Alicia Bárcena, Helen Clark, Ngozi Okonjo-Iweala, and Helle Thorning-Schmidt to Serve as Open Government Partnership Ambassadors
WASHINGTON, D.C. – October 10, 2017 – Four visionary women have been invited to serve as Ambassadors for the Open Government Partnership (OGP). The Right Honorable Helen Clark, the former Prime Minister of New Zealand and former United Nations Development Programme administrator; Helle Thorning-Schmidt, the former Prime Minister of Denmark and current CEO of Save the Children; Alicia Bárcena, the Executive Secretary of the United Nations Economic Commission for Latin America and the Caribbean; and Ngozi Okonjo-Iweala, the former Minister of Finance of Nigeria and former Managing Director of the World Bank will all serve as champions of the global open government movement.
The Ambassadors were invited by the OGP Steering Committee for their commitment to open government, as well as their storied careers and legacies fighting for citizen participation and empowerment. They join Winnie Byanyima, the Executive Director of Oxfam International, and Mo Ibrahim of the Mo Ibrahim Foundation, as OGP global ambassadors. The OGP Ambassadors play an even more critical role as they seek to work with OGP Support Unit and Steering Committee to strengthen the global open government coalition to position OGP as a powerful, positive global movement for openness and deeper democracy, and as a countervailing force against the rise of closed government.
“I am thrilled to be joining OGP as an Ambassador,” said Clark. “Open government is essential to advancing global development, and we’ve seen strong evidence that citizen participation can lead to landmark progress in climate action, gender equality, conservation, and beyond. I look forward to working with my fellow Ambassadors and open government champions around the world as we embark on this journey.”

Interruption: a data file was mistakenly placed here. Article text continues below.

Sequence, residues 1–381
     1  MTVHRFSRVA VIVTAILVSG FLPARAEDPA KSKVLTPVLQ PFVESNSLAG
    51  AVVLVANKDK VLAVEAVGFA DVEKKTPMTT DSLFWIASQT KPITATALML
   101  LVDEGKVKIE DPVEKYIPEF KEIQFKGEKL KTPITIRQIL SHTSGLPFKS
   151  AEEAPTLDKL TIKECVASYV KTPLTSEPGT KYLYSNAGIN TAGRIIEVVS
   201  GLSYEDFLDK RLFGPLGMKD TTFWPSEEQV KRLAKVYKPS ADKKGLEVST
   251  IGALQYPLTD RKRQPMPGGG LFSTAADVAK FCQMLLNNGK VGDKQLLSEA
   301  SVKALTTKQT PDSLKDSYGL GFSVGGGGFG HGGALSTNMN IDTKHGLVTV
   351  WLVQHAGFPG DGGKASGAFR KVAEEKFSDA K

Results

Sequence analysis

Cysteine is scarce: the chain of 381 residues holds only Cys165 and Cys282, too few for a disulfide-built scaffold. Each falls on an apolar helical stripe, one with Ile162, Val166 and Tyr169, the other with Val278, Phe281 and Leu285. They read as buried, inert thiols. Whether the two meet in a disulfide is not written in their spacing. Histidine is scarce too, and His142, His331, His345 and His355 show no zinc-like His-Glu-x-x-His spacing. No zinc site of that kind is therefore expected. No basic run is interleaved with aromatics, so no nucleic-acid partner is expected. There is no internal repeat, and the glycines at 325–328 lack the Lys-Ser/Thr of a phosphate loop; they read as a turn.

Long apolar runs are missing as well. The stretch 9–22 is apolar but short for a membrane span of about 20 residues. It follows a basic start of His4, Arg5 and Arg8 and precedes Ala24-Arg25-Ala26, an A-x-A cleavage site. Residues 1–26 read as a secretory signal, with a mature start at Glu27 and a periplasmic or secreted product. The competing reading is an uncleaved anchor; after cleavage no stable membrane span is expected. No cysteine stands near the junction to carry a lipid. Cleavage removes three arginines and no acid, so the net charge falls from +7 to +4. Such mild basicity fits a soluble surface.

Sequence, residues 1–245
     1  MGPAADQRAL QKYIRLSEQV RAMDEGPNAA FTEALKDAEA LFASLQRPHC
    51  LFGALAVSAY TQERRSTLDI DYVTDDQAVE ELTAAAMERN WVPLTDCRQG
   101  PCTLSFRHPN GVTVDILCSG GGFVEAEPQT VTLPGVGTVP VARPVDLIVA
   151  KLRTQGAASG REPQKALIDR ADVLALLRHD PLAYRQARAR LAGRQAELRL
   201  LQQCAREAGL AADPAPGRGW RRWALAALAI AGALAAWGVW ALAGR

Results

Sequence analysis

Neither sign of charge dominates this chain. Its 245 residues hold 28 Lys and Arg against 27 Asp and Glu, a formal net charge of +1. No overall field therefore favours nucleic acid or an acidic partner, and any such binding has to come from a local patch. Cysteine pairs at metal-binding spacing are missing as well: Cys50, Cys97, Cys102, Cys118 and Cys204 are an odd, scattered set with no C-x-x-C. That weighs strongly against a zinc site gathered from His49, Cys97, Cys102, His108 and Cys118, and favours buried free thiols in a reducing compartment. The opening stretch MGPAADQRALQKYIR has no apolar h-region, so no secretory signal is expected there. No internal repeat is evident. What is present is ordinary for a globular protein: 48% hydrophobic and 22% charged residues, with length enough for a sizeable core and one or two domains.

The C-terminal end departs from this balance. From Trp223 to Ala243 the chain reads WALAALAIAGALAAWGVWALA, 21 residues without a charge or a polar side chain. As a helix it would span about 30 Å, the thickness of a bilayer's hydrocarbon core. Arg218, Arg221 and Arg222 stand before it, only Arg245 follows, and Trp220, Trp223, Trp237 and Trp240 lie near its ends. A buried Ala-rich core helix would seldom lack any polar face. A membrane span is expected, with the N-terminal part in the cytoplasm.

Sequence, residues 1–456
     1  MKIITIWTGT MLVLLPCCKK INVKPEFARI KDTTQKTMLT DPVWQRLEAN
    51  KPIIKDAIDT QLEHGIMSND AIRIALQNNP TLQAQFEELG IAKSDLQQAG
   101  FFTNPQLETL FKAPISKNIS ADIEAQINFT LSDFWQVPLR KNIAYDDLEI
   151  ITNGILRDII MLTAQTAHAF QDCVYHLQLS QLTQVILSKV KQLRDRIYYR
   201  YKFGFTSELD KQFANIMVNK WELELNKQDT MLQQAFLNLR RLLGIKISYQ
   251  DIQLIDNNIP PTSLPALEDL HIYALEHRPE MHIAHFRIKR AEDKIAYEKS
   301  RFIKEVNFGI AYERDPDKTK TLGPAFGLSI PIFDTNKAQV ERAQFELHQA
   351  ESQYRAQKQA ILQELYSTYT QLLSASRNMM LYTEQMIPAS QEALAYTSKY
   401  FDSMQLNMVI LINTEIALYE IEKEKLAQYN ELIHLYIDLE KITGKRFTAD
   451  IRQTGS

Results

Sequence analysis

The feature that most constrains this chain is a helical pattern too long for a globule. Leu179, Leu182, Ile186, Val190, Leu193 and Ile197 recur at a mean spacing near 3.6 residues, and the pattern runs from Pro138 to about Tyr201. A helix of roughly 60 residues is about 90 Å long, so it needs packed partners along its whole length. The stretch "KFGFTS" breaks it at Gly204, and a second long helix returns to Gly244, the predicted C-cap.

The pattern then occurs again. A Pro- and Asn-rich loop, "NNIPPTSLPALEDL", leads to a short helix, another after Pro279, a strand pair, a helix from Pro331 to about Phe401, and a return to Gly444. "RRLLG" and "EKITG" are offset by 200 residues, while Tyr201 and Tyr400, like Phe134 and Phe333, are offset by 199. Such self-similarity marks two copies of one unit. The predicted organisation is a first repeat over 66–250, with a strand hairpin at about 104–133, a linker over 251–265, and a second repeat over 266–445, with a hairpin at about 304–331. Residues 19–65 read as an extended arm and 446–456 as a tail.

“OGP is making important strides in Africa and throughout the developing world,” said Okonjo-Iweala. “Several countries now show that fiscal transparency, open procurement and participatory budgeting can create unique avenues for citizens and governments to work together to improve both quality of life and economic status, particularly for young people. Whilst the challenges are enormous, the benefits when governments get it right can be equally great. I look forward to championing the cause of open government.”
“Latin America has, in many ways, been a proving ground for the benefits of open governance,” said Barcena. “Countries like Mexico, one of our pioneers, Uruguay, and Brazil have integrated open government policies into everyday life for citizens, while also bringing open government to the subnational and local levels, where citizen-government interaction has huge potential to affect change. Being able to advocate for this cause on a global stage is a humbling opportunity and I encourage that we move forward towards the concept of an open State to promote, in conjunction with a more empowered civil society, the implementation of the 2030 Agenda for Sustainable Development and its 17 SDGs.”
“Save the Children has worked for almost a hundred years to improve the lives of children around the world,” said Thorning-Schmidt. “OGP is a platform from which we can advocate for more open governance that better serves vulnerable children. We are passionate about involving children in the decisions that affect them. We know that increased civic participation can create real and lasting change in children’s lives. I look forward to working with the other Ambassadors to broaden and deepen the impact of OGP.”
OGP’s new Ambassadors will work with the Support Unit and Steering Committee of the global multilateral initiative to advocate for the the principles of transparency, inclusivity, accountability, and civic participation and will work together to fight the tides of rising authoritarianism, citizen distrust, and closed government.